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08.08.2010- Film Review: An Education

Sunday, 8 August 2010

An Education (2009), directed by Lone Scherfig.

Last weekend I finally got round to watching An Education, after snapping it up on DVD at a bargain price (£8!) The film, based upon the memoirs of journalist Lynn Barber, tells the story of Jenny (played by Carey Mulligan), a young girl on the cusp of adulthood who is preparing to begin a degree at Oxford University. Jenny's parents (more specifically her father, played brilliantly by Alfred Molina) are in the midst of coaching Jenny for the start of her academic career when their lives are invaded by mysterious stranger David (Peter Sarsgaard). David seduces Jenny with expensive gifts, glib persuasion and a 17th birthday trip to Paris, the bohemian paradise of her na├»ve dreams. As he infiltrates Jenny's comfortable suburban life, she begins to reconsider her priorities and question whether she should follow the path to Oxford or shun University completely. Indeed, in one telling scene, Jenny's father even discourages her from going, in favour of her being financially supported by David after the two become engaged. As Jenny is further exposed to the charmed yet morally bankrupt life David leads, she encounters two of his close friends, Danny and Helen, portrayed by Dominic Cooper and Rosamund Pike respectively. Cooper, as always, charms, much as he has done since his breakthrough in The History Boys, but it is Pike who is the true scene stealer of this film, thanks mainly to the comic potential of the character she has been gifted with. Helen is essentially the antithesis of Jenny; a woman who lacks ambition or a great deal of intellect, and who is happy to be supported by her boyfriend whilst quaffing champagne adorned in designer clothes. Just as the truth about David's luxurious living and deceit is revealed, Jenny neglects to take her A-Level examinations and is ultimately left to rely upon herself to make the biggest decision of her young life.

I found An Education extremely enjoyable, and in places very funny. The script, written by Nick Hornby, possesses true British wit and heart, and the cinematography, which encapsulates the rainy pavements of Twickenham and the romantic Parisian sunset, is beautiful. In places, I did find the plot quite predictable, but I put this down to Sarsgaard's performance; he does such a brilliant job of making David slightly creepy and unnerving that it was obvious from the outset that he was not all he seemed and would ultimately leave Jenny broken-hearted. The film also features some brilliant supporting performances, specifically from Emma Thompson and Olivia Williams, who, as Jenny's teachers, do all they can to dissuade her from her association with David. The costume designs of Odile Dicks- Mireaux also deserve commendation, as they place the film perfectly within the 1960's and evoke a decadence which begins to seduce the audience just as it seduces Jenny. As the film concludes, we bear witness to a cautionary tale of the price of being too trusting, and, much like Jenny, are reminded of the valuable lessons that life, as well as school, can teach us.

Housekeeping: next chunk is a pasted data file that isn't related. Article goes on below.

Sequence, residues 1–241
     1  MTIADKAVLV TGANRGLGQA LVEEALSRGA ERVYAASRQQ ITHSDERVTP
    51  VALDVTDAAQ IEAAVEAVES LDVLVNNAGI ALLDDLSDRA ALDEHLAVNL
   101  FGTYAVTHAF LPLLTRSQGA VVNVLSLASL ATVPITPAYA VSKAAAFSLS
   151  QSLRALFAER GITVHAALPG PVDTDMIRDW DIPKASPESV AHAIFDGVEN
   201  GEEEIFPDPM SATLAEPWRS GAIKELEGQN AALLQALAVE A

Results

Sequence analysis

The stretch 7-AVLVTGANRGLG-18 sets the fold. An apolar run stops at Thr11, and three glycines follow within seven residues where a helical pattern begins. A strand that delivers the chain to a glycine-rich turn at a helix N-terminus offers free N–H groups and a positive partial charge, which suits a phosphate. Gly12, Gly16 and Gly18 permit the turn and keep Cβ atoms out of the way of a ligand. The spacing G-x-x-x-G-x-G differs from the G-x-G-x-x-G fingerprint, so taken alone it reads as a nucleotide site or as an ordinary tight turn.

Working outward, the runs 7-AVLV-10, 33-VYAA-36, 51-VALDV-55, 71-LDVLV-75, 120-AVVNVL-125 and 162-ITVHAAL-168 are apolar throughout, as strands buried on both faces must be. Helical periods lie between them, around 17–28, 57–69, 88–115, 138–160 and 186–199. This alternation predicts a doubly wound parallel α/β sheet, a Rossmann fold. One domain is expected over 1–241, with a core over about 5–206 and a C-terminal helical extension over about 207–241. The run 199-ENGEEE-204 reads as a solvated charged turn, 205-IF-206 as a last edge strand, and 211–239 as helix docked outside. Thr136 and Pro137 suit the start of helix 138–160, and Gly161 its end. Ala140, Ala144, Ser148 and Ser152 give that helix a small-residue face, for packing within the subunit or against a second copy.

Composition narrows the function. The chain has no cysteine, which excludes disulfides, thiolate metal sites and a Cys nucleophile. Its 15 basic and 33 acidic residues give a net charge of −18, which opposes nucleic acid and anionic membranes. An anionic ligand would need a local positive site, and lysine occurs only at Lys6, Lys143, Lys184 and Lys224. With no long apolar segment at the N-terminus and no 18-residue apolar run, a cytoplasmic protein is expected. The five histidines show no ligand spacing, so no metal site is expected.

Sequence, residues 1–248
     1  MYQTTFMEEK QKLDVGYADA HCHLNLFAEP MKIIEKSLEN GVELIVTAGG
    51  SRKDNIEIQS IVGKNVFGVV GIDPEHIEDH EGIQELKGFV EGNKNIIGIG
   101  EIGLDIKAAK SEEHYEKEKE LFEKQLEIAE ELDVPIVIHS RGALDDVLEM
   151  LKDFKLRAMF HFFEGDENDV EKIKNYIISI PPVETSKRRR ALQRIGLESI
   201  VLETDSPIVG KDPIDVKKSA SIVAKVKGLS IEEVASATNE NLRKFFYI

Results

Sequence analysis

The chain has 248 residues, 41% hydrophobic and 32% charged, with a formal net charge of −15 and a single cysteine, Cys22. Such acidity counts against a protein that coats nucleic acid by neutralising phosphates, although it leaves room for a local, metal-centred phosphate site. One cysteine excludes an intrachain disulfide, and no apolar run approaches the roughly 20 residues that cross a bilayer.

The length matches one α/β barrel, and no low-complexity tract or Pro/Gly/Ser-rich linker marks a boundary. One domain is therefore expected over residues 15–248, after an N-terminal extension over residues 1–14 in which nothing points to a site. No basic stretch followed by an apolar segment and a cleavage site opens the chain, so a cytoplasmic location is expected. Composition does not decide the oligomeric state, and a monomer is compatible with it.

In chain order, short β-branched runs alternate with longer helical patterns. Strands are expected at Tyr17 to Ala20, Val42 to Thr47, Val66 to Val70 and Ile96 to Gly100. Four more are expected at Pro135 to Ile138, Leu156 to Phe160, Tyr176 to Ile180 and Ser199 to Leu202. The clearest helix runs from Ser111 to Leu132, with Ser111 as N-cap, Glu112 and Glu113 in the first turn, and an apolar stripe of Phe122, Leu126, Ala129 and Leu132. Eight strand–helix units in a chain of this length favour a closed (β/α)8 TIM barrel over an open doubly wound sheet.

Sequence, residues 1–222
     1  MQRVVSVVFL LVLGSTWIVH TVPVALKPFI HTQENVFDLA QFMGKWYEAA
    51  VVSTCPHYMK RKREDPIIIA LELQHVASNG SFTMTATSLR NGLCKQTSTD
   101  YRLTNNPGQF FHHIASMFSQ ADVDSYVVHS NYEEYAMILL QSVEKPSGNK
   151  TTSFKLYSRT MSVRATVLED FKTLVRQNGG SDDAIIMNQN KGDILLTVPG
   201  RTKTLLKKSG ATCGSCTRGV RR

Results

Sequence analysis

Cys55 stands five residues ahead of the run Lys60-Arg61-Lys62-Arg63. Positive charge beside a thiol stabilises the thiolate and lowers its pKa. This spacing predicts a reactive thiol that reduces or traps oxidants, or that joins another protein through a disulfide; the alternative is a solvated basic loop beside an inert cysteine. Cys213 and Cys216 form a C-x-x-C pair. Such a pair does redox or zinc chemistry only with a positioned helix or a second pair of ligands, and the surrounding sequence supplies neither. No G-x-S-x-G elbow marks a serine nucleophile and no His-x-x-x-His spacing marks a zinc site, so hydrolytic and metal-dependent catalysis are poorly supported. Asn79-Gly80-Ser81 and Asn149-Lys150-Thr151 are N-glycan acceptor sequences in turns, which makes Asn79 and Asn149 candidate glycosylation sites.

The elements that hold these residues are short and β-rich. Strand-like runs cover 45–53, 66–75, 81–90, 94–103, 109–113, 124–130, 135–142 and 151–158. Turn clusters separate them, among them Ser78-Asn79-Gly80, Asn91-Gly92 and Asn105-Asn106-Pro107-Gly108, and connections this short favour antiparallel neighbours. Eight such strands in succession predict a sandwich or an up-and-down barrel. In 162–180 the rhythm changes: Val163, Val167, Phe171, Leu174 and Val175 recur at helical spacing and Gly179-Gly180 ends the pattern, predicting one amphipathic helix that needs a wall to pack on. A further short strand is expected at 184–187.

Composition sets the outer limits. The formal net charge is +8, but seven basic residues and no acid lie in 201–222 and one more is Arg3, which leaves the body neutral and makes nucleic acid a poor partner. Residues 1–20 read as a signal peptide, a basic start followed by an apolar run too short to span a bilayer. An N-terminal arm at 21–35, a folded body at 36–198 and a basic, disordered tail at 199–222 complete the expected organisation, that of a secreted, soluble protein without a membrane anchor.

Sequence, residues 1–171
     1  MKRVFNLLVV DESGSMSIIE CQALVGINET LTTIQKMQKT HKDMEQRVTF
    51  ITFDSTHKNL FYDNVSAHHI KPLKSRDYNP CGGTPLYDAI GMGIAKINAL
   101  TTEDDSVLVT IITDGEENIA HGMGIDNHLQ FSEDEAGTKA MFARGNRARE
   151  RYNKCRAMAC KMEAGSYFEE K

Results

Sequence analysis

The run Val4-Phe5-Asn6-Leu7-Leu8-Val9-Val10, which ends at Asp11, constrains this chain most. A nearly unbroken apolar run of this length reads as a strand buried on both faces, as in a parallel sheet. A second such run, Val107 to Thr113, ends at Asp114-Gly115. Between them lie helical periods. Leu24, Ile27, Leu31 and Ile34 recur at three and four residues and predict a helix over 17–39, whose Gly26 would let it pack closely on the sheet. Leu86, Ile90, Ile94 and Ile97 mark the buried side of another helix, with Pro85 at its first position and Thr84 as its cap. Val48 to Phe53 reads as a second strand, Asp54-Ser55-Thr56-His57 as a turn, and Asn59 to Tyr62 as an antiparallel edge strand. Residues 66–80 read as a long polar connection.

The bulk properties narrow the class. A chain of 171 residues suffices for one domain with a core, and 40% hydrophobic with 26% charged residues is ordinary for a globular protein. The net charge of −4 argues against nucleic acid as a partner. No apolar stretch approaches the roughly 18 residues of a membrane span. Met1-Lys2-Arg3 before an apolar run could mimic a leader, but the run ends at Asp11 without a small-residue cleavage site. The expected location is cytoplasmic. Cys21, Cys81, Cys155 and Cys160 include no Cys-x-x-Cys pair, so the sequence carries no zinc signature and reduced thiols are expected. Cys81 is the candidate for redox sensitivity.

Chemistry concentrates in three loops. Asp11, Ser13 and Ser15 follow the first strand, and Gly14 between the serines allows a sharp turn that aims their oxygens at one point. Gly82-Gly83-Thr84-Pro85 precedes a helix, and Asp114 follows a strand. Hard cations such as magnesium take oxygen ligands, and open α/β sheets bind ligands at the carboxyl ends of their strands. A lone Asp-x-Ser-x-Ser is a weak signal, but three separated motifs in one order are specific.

Have you seen An Education? What did you think of it?

(Image credit: Google.)

4 comments:

  1. I literally didn't even LOOK at any of this post haha cos I want to watch it soon and don't want any spoilers :P x

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  2. aww, i tried not to be too spoilerific! hope you enjoy it, let me know what you think! x

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  3. looks pretty good, got to check this one out! x

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  4. i saw this one! i liked it :] i loved the fashion in the film too! thank you for your comment on our blog! it is much appreciated :D we will come back and visit you again soon! hope you will do the same!

    xx, camilla
    abutterflybyday.blogspot.com

    ReplyDelete

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